Notes for Beginners of Software Development on Linux

Linux is a great platform for software development targeting servers or backends. In general, working on Linux is very productive. The problem that beginners on Linux face is the the learning curve is steep at the beginning. But believe me, after you get through the initial green steep learning step as in the figure below with some hard work, you will feel like working on a rocket in the yellow part. This post will give you some notes and pointers to information so that you can start with.

Power Law

Basic knowledge of Linux

You will need to gain some basic knowledge of Linux tools, like the ls/less/cat/cd commands. ssh/scp/rsync/screen are also useful and commonly used tools. bash is very common while I know its manual is very long too. Take a read when you got some time or check the parts when you need them.

Bash and Shell

To learn these tools, take a look at the tutorials of some pretty good books or some online tutorials to get started with and check the manual pages (linked in the previous part) for more details.

Package management

Different Linux distros may have different tools to manage packages. There are several flavors of package management on Linux.

I mostly use Fedora/RHEL/CentOS/Scientific Linux and the tools to manage the packages is yum/dnf: dnf documents.

Another large community is the apt and derived tools users on Debian/Ubuntu/Linux Mint and etc. There are also zypper, pacman and etc. Check your most favorite Linux distro’s documents for how to use these tools.

You may need to possibly manually download and install some packages. Usually, the README or INSTALL files in these packages provide instructions on needed packages and steps to configure and install the package.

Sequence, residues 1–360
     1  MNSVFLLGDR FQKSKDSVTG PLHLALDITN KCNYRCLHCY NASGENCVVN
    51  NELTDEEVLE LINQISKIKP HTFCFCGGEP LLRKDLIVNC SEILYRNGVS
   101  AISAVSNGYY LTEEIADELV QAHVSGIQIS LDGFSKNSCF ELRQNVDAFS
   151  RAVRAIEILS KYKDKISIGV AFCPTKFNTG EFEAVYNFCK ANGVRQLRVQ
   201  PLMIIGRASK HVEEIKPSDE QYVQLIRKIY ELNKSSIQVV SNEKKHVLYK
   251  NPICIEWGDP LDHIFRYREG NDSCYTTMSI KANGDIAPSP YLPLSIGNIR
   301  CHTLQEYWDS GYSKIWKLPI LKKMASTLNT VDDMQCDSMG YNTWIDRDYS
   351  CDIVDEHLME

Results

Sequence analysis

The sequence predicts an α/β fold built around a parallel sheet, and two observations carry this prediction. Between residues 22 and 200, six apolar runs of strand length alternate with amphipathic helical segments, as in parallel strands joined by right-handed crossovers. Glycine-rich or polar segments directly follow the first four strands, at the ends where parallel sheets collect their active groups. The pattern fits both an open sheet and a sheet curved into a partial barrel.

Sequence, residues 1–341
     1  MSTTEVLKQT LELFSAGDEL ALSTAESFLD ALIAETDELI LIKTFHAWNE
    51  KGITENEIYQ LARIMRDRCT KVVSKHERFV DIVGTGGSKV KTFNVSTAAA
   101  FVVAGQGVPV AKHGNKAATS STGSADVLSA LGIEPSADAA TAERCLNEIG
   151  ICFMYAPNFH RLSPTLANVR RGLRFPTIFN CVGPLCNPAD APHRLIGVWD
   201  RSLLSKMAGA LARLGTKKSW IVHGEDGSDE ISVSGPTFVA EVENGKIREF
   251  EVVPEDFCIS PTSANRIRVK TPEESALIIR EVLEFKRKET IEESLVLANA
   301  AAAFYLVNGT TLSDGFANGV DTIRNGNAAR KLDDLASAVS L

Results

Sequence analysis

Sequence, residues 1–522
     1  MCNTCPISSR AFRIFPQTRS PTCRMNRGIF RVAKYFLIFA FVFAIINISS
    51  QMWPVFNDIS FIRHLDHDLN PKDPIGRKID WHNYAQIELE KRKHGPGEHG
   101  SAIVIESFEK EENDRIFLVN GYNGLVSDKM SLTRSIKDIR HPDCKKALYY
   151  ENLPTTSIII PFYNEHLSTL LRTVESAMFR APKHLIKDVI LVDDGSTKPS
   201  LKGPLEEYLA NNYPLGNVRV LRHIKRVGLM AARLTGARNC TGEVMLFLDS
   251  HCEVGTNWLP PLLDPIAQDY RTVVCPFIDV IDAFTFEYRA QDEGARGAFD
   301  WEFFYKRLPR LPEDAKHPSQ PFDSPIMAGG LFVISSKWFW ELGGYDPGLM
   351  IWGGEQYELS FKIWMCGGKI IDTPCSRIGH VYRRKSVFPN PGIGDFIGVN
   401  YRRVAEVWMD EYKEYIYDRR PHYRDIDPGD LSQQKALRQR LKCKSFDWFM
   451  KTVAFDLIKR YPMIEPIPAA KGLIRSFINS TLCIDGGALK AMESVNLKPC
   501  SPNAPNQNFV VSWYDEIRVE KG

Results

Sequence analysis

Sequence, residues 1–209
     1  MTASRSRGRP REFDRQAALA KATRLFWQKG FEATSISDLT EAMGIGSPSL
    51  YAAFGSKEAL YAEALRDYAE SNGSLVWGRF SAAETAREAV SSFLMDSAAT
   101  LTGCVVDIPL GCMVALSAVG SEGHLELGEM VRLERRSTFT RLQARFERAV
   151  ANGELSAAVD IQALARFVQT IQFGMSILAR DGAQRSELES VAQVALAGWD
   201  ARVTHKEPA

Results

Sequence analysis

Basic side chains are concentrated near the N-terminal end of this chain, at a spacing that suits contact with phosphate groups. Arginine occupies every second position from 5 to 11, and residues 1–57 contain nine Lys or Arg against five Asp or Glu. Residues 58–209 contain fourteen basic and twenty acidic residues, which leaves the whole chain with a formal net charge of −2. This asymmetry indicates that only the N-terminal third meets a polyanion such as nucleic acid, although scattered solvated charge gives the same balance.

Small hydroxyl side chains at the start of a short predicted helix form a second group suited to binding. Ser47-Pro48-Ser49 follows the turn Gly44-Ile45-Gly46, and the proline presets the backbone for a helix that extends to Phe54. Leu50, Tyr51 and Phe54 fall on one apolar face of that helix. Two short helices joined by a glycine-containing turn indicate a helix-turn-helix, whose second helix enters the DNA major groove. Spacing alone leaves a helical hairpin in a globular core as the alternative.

On Linux, the man pages for commands are very helpful. To find help on a command say ssh, just run man ssh.

You can also check the online manual pages of Linux in your browser at

Google usually also gives good results too on tutorials of these commands.


For code-test-debug loops during development, everyone may have its own best way. For me, I usually write code/build it on my local laptop/PC (network latency makes coding remotely inconvenient) and push the code to the remote server to run and test it by ssh/rsync/scp.

For standalone programs, gdb sometimes is useful. But for distributed systems, logs with the events/actions/internal states will be very helpful. I ever wrote a C fast in-memory log library named zlog.

Work environment on Linux

You will need a good editor for writing code and documents. vim and emacs are possibly the 2 most widely used ones. Time is needed to learn both of them. But they will improve your productivity once you master them at certain level. Makefile and compilers (gcc, g++) are usually needed. The Linux tools like ssh/scp/screen will be very useful.

Mate Seaman ties a knot in a line.

All these seems a lot to learn. But it is not hard to start with and you need not to master all to start working.


After the initial struggling, you will start to love development on Linux. And you can then learn part by part when your work needs more.

Eric is a father and systems guy. Eric is interested in building high-performance and scalable distributed systems and related technologies. The views or opinions expressed here are solely Eric's own and do not necessarily represent those of any third parties.

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